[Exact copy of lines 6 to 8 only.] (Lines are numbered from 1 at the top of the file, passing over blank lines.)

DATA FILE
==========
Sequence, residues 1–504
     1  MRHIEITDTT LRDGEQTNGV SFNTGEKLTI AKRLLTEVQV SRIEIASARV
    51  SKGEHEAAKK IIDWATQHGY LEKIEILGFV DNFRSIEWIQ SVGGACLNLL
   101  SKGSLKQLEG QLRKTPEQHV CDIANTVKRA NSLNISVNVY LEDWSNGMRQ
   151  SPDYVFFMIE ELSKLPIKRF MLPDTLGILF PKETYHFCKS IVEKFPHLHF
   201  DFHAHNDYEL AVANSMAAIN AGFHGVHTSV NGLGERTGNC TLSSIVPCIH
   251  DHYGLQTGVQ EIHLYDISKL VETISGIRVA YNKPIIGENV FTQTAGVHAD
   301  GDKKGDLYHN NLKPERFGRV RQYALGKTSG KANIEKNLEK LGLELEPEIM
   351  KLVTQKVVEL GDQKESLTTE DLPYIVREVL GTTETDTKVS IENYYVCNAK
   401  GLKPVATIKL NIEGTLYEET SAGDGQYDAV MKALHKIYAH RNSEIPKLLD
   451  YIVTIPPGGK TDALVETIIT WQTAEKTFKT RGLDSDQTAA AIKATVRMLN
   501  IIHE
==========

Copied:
   201  DFHAHNDYEL AVANSMAAIN AGFHGVHTSV NGLGERTGNC TLSSIVPCIH
   251  DHYGLQTGVQ EIHLYDISKL VETISGIRVA YNKPIIGENV FTQTAGVHAD
   301  GDKKGDLYHN NLKPERFGRV RQYALGKTSG KANIEKNLEK LGLELEPEIM